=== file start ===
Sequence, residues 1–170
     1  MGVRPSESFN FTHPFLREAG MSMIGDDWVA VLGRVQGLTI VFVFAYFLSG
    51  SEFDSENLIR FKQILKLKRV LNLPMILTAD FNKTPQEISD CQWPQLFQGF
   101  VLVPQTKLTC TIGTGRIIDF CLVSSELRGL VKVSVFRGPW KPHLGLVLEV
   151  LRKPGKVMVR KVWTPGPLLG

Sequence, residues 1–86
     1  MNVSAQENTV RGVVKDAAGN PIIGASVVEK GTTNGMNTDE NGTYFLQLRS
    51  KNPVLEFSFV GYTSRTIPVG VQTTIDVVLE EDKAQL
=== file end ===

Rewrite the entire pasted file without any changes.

Sequence, residues 1–170
     1  MGVRPSESFN FTHPFLREAG MSMIGDDWVA VLGRVQGLTI VFVFAYFLSG
    51  SEFDSENLIR FKQILKLKRV LNLPMILTAD FNKTPQEISD CQWPQLFQGF
   101  VLVPQTKLTC TIGTGRIIDF CLVSSELRGL VKVSVFRGPW KPHLGLVLEV
   151  LRKPGKVMVR KVWTPGPLLG

Sequence, residues 1–86
     1  MNVSAQENTV RGVVKDAAGN PIIGASVVEK GTTNGMNTDE NGTYFLQLRS
    51  KNPVLEFSFV GYTSRTIPVG VQTTIDVVLE EDKAQL